Did you ever think about how much courage it takes for our children to learn a new language?
If you yourself have studied a second language, you know that awkward stage—the one where you keep mispronouncing words, struggling with conjugations, and mishearing your conversation partner. I remember that stage well myself, and I also remember the relief when I finally got through it!
It takes a great deal of determination—and indeed, hope—to soldier on through the beginning stages of language learning.
So when I am working with students, I like to emphasize the value of courage in language learning—especially the courage to make mistakes.
After all, linguistic researchers generally agree that making mistakes has an important role in language learning. When a child makes mistakes in his reading, writing, or speaking of a foreign language, that means that he is challenging his own language abilities, and ultimately, growing in his communicative skills.
But there’s an important caveat: as much as possible, mistakes should be corrected, so that they don’t become erroneous patterns in the brain.
After all, our brain assimilates that which we practice, and so if we repeatedly use incorrect conjugations, for example, those patterns will become ingrained.
As a parent, you can support your learner in making—and correcting—mistakes in two key ways:
- Encourage your child to take risks with the language that he or she is learning. If she is studying Spanish, why not help her find a Spanish-speaking pen pal to write to? It will surely be more difficult to write a letter than to complete a workbook page, but it will also be much more rewarding. In that case, a site like ePals may be valuable (with close parental supervision, of course).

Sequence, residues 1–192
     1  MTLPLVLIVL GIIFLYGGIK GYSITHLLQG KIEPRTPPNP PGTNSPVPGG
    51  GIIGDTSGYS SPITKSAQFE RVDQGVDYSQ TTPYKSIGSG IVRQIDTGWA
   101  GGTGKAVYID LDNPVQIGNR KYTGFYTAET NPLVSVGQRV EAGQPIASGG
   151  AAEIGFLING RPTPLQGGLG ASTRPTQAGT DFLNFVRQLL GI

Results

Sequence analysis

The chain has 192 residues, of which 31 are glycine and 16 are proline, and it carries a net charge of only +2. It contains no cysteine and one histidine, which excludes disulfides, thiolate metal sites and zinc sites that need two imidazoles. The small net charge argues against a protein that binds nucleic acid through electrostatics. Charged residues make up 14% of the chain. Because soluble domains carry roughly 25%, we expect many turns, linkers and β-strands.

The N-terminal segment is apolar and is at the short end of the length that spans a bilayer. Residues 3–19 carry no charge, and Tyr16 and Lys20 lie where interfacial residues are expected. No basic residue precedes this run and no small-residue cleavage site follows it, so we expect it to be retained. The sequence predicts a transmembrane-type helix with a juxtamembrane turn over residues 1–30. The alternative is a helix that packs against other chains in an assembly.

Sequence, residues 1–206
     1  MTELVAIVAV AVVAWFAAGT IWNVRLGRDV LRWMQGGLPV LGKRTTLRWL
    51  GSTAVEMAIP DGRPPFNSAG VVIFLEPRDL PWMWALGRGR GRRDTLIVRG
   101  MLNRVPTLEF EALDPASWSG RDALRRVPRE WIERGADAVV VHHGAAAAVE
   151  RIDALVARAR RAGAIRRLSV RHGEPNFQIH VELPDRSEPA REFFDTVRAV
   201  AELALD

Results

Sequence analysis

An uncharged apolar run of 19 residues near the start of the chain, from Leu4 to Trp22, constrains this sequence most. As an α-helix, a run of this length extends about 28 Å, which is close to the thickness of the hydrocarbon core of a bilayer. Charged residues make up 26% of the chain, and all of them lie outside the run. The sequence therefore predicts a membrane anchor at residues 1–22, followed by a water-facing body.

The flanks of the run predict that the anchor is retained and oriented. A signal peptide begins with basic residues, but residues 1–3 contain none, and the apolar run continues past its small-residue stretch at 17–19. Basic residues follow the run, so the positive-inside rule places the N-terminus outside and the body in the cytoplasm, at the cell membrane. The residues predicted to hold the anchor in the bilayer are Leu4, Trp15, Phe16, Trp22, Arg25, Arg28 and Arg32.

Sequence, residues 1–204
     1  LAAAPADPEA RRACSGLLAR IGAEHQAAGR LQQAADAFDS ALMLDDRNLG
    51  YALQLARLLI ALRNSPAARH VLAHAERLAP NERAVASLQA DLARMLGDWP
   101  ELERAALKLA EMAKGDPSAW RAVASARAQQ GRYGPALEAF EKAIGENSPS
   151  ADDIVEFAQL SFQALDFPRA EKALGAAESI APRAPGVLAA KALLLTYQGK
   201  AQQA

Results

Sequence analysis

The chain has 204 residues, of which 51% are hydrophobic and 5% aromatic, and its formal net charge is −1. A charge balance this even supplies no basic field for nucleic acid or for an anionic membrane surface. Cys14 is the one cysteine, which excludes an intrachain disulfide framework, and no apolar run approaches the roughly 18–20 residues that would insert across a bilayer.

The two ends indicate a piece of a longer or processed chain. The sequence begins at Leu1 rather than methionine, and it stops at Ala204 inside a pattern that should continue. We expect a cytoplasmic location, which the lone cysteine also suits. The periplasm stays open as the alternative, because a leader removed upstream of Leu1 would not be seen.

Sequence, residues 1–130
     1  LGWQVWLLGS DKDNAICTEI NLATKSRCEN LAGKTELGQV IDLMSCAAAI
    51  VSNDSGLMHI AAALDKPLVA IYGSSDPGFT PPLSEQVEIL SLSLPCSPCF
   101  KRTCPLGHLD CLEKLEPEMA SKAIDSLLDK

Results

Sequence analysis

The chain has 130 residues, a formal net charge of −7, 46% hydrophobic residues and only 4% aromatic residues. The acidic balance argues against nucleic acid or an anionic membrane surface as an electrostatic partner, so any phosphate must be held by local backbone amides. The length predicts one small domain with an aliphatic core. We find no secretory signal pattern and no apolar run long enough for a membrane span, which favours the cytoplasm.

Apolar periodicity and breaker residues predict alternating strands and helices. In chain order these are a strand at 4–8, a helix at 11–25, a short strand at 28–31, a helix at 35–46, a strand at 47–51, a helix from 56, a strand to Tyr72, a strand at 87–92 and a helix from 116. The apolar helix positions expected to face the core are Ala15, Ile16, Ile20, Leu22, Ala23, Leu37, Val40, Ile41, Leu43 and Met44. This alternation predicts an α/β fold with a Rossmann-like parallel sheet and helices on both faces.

- Help your child find the right resources to correct his or her mistakes. Aside from workbook answer keys, help your child find ways to correct his/her own practice. The games available on a website like conjuguemos.com and the learning units of the U.S. military’s GLOSS site can provide real-time feedback on mistakes, for example. When you are evaluating other resources, be sure that they provide thorough answer keys and enough practice questions to allow for repeated “loops” of practice—students should have many opportunities to practice the same vocabulary and grammar concepts.
While this is all more challenging if your child is learning a language that you yourself are unfamiliar with (Klingon, maybe?), it is certainly not impossible, and is worth the effort!
What have you done to encourage your child in taking risks and making (good) mistakes while learning a new language?
[Image provided by Flickr user jridegwayphotography and used under a Creative Commons license]